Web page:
image of barnstable county courthouse

Pollution is threatening Cape Cod’s famous waters. Its towns are spending hundreds of millions to head off an environmental disaster.

By Beth Treffeisen, Boston Globe

Early morning fog at Santuit Pond boat ramp.
Early morning fog at Santuit Pond boat ramp.

BARNSTABLE — The beauty of its placid bays, estuaries, and ponds draws millions of visitors to Cape Cod each year. But deteriorating water quality is threatening the environmental and economic future of the tourist mecca.

About 90 percent of the Cape’s estuaries — important for marine life and recreation — had unacceptable quality in 2022, according to a recent report from a local conservation organization. The main culprit: decades of nitrogen pollution, primarily from septic systems.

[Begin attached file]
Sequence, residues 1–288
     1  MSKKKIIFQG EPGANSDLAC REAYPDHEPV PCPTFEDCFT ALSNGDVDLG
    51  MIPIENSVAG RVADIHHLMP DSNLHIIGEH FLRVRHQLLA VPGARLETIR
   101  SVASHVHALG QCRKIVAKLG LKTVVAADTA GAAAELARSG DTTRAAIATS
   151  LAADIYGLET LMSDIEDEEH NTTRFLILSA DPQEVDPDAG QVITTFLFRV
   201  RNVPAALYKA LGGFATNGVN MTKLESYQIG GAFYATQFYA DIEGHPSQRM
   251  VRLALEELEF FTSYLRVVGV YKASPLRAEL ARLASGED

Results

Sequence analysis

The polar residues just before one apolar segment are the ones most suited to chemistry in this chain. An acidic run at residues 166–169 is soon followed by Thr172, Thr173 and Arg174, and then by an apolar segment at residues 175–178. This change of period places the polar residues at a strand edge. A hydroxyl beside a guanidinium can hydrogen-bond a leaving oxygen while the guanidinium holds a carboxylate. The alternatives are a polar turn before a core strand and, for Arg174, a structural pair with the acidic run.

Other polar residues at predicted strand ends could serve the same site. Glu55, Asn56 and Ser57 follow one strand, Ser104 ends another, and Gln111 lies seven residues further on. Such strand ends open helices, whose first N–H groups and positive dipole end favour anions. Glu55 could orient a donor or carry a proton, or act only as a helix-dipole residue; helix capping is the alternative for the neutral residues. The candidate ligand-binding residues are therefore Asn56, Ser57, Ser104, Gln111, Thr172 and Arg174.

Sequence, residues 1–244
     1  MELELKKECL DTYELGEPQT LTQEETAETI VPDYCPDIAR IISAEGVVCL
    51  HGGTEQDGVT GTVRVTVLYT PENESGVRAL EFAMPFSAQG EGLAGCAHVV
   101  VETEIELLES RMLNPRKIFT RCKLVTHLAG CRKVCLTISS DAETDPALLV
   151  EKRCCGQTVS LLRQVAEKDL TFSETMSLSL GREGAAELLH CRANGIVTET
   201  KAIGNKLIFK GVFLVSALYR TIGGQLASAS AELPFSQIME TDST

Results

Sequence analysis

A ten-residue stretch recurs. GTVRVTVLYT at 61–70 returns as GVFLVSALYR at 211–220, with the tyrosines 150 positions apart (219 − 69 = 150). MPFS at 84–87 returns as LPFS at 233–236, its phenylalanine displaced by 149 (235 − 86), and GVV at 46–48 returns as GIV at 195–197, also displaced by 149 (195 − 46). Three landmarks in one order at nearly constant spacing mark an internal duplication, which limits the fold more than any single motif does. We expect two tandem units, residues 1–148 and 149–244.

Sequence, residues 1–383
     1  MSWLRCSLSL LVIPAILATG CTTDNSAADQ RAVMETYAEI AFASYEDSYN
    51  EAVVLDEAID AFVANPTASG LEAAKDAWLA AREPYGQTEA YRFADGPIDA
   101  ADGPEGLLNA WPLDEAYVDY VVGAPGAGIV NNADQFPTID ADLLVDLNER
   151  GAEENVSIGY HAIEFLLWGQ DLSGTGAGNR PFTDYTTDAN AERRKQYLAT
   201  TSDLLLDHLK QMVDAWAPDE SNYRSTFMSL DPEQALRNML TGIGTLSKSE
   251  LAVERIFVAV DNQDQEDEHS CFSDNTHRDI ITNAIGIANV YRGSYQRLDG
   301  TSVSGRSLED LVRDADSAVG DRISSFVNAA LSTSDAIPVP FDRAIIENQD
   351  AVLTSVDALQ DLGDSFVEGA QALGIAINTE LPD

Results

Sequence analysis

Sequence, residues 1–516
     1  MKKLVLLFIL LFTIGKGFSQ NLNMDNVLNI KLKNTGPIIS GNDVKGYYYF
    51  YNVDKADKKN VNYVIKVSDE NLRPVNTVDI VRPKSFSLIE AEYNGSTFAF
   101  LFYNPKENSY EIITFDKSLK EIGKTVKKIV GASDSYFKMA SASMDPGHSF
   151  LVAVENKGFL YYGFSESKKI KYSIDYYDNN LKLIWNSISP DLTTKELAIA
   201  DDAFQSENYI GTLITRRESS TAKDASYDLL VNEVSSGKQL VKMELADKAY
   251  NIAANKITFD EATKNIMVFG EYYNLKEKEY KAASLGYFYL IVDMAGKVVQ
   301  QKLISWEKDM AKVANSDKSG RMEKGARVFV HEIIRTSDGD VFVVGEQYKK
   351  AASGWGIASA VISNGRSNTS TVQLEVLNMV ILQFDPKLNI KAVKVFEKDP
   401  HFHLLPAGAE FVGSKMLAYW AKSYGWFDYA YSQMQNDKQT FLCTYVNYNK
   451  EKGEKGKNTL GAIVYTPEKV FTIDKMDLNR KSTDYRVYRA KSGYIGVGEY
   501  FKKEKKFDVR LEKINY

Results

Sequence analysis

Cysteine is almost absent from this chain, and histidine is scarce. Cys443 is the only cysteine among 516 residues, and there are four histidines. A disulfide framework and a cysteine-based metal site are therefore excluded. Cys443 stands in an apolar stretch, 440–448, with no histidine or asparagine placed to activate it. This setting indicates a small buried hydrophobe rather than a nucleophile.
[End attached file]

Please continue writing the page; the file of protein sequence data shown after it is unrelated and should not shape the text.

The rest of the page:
Most Cape towns are planning new wastewater systems that would improve water quality, but it could take decades to complete them and for the nitrogen already in the ecosystem to flush out. That reality is setting in among local leaders, environmental groups, and residents.

Continue reading the article in its entirety at Cape Cod pollution: sewer systems are in the works but will take decades to complete (